Arthur Jette, 62, of Cambridge is a machinist by trade. He worked for a couple decades at Fayscott Co. in Dexter and served eight terms as a selectman in Garland. He now fills another, perhaps surprising, community role, working as the community relations coordinator of Womancare. The organization based in Dover-Foxcroft serves male and female victims of domestic violence.
Maine needs more male advocates. By speaking out, they set an example for others to follow. They show abuse is not a women’s issue but a societal one. Jette has seen the worst result of abuse, which is why he also serves as the volunteer leader of the Maine chapter of Parents of Murdered Children.
He has a big goal: “The battle is to change the hearts and minds,” he said during my recent training for people studying to become advocates with Rape Response Services in Bangor. Abuse is far more than physical violence. It can start with demeaning comments, emotional put-downs, coercion or isolating someone. He said to think of the continuum of abuse as measured by a 6-inch ruler. Probably about 5 of the 6 inches represent legal behavior. It’s up to all who see or hear those actions to recognize and stop them.
We spoke more afterward about what cultural change entails. He said, “There’s not any good way to try to talk about ending abuse without saying that it has to start with somebody, and so what I hope is that men will get to a point where, rather than just seeing themselves as having to use physical strength to be the protectors of the ones they love, they would be willing to step out and be willing to use the emotional strength, to be willing to stop the behavior that leads up to the violence.”
It’s a personal issue. On Dec. 3, 1999, he was working at Fayscott when his wife, Deb, called. She was so upset that office personnel said they couldn’t understand what she was saying. She told him her daughter, Cassie Cunningham, had just lost her 21-month-old son, Treven Cunningham, who was being watched by her best friend, Mindy Gould, 20, of Dexter.
Treven and Mindy were each shot once in the head. A few days before the murders, Cassie had helped Mindy obtain a protection order against her ex-boyfriend, Jeffrey Cookson, of Guilford. A jury convicted him of the double murders in December 2001. He is currently serving two consecutive life sentences.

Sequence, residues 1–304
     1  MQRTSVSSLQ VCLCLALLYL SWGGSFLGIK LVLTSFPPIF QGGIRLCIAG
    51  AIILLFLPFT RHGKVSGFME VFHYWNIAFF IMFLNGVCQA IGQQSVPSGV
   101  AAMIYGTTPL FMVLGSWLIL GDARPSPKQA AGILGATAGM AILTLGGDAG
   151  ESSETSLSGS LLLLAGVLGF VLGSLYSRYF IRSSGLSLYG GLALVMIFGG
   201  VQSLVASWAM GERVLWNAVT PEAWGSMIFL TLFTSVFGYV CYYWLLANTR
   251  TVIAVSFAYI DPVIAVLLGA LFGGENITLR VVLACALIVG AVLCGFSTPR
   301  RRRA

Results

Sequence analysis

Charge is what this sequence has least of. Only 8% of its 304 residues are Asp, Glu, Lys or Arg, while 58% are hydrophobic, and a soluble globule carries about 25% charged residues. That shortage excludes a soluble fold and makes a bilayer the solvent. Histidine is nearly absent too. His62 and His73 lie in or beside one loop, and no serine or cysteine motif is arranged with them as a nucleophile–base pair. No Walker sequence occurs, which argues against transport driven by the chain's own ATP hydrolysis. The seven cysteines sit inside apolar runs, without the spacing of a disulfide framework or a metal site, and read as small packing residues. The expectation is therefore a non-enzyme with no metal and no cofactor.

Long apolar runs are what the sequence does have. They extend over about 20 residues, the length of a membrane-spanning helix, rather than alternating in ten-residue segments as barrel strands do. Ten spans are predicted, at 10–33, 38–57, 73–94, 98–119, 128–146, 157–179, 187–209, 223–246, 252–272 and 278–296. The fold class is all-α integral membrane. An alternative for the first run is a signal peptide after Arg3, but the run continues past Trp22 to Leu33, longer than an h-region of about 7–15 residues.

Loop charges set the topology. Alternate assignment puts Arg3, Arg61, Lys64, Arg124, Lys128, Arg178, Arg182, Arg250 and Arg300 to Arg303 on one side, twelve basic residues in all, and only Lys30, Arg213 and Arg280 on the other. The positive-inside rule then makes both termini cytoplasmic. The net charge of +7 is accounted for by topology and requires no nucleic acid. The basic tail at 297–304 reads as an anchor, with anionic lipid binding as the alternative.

Cassie, with Treven Cunningham, had lived with her mother and Jette at that time. Jette said the toddler had loved being involved with whatever the family was doing, even if it was bringing in firewood. Jette said he used to handpick tiny pieces for him to carry.
“I just think of what could have been,” he said. “Even the short time he lived, I know he changed us. He showed me how to love. I give him credit for that.”
The killings of Mindy and Treven were paralyzing, he said, describing that time as “a nightmare that you can’t wake up from.” Jette and family members started attending support meetings with the Parents of Murdered Children, which gathers at MaineGeneral Medical Center in Augusta at noon on the last Sunday of every month.
“The healing comes from being able not to suppress what you’re feeling but to be able to share it with someone else, to be able to speak open and honestly with someone else,” he said, adding that it helped to connect with people who had also experienced tragedies and who were willing to listen and accept the emotions that were shared.
Womancare had helped Mindy before her death, so Jette and family members volunteered in small ways for the organization and attended vigils. Then, Jette decided to take the 40-hour training to become a volunteer advocate. And when a position opened up in May 2008, he said he saw it as an opportunity. He was the first male Womancare hired.
“I have so much desire to do so much to eliminate abuse from the lives of people who are living in it that I look for excuses not to take time off,” he said.
He continues to talk about the need for everyone to treat others respectfully and stop small behaviors and derogatory comments that contribute to the larger culture of violence. Men have a large role to play.
“When I think about what it would be like to have a society where men would be willing to be straight up and honest about not wanting to see their boys have to use examples of strength as the only way they could prove they were men, I think that alone would make a big difference,” he said.
If you or someone you know is experiencing domestic violence and would like to talk with an advocate, call 866-834-4357, TRS 800-787-3224. This free, confidential service is available 24/7 and is accessible from anywhere in Maine.